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Difference between revisions of "Île-de-France"

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Revision as of 08:20, 15 October 2011

Chantilly gardens, Paris, Île-de-France
Map of Île-de-France

The Île-de-France [1] is the compact region immediately surrounding the capital of France, Paris. As such, the region includes the now far-flung suburbs of the Paris metropolis, together with several large surrounding towns that form part of the larger conurbanation. All is not urban sprawl, however: the region is also known for its natural beauties, in the form of parks, forests and river lands.

Contents

Cities

Other destinations

Get in

Get around

By bike

There are many cycle lanes on routes into Paris, but be careful as you also share the road with motorbikes and cars which can be inconsiderate.

By car

There are several free Autoroutes and 4 lane roads for getting round Île-de-France, however on weekdays there is a lot of congestion between the hours 8 - 9:30 AM and 17:30 - 19:30 PM, and it is really not advisable to travel then. This congestion becomes a lot less worse the further away from Paris you are.

The speed limit is 110 km/h.

  • Le boulevard périphérique: a road ring which marks the limit of "Paris will intra muros". This is essentially a motorway as there are no roundabouts or intersections, however it is famous for its obstructions. Be careful though, as the cars entering onto the road from the right have priority.
  • A13 : (direction Rouen) Western Autoroute
  • A6 : (direction Lyon) Southern Autoroute
  • A5 : (direction Lyon) South eastern Autoroute
  • A86 : Very useful road that nearly completely circles Paris. The recently opened tunnel between Rueil-Malmaison and Versailles is tolled (fairly expensive) and is open to cars only (trucks and motorcycles prohibited).
  • A14 : Toll road, fairly expensive.
  • N104 : La Francilienne. A half circular road around the eastern side of Paris. As it is further out than the A86, there is considerably less congestion.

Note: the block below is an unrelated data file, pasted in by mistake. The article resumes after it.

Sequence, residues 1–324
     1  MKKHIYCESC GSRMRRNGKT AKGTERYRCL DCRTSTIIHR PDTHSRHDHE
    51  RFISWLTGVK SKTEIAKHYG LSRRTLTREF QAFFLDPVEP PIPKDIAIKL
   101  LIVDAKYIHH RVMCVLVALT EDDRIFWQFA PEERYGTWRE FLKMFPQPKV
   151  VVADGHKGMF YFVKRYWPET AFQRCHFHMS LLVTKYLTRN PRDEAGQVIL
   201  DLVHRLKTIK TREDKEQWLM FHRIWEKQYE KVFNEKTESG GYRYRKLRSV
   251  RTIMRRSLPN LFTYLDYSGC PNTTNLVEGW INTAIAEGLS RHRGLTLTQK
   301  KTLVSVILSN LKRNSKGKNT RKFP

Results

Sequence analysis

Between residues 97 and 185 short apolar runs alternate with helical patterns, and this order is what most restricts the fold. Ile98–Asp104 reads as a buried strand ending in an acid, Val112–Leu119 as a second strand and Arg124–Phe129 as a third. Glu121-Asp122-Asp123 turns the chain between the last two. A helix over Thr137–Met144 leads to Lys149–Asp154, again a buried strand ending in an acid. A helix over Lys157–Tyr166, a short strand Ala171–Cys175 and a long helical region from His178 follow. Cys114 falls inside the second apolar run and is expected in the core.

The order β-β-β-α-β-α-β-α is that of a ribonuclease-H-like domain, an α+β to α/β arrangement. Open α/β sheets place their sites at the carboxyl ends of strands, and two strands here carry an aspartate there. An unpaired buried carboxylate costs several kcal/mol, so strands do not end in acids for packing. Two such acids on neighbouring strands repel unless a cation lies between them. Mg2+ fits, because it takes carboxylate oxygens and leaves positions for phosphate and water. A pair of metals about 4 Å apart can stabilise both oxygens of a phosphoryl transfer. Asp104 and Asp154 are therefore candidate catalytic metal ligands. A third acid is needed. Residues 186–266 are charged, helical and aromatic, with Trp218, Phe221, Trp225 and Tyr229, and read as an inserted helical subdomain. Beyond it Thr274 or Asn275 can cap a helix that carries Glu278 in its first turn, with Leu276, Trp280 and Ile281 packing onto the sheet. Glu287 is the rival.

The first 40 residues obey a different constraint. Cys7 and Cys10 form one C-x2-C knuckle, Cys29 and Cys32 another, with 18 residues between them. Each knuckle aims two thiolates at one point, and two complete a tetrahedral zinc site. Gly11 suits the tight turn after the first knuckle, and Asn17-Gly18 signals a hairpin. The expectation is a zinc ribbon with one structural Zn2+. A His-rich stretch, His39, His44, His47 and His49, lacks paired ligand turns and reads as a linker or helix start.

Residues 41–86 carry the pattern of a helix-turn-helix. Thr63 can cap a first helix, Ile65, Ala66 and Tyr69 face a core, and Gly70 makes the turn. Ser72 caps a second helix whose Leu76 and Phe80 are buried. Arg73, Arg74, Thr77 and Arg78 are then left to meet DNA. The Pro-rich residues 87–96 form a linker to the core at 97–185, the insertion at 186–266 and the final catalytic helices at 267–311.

• N118 : Connect western Paris to A10 and N104.

By train

Map of central part of RER network

A network of regional trains (RER) takes you in and out of Paris. The RER has 256 stops in and around Paris, and runs on over 587 km (365 mi) of track. There are 5 lines, (A, B, C, D and E) that cross Paris, connecting suburbs on opposite sides. The stations are marked with blue signs with a white RER.

It is usually cheaper to purchase a daily ticket than a return ticket for most journeys, but check when purchasing.

Trains run from 4.45 a.m. to 1.30 a.m. Smoking is not allowed in the stations or on the trains.

Sign for the RER

See

Do

  • Le Musée Fragonard (L'Ecole Nationale Vétérinaire), 7, Avenue du Général de Gaulle (Métro : line 8 (Balard - Créteil) - Station : Ecole Vétérinaire de Maisons-Alfort), 00 33 1 43 96 71 72, [2]. Closed in August Wednesday & Thursday : 2 - 6PM Saturday and Sonday : 1 - 6PM. This is a hidden gem. A veterinary museum that doubles as natural history museum. A lot of medical oddities, mostly of animals, but also include real human specimens. Move over Bodyworlds, this museum holds Fragonard's original human preservation (wax- not plastic) including the famous "horseman of the apocalypse." Adults 7 €.

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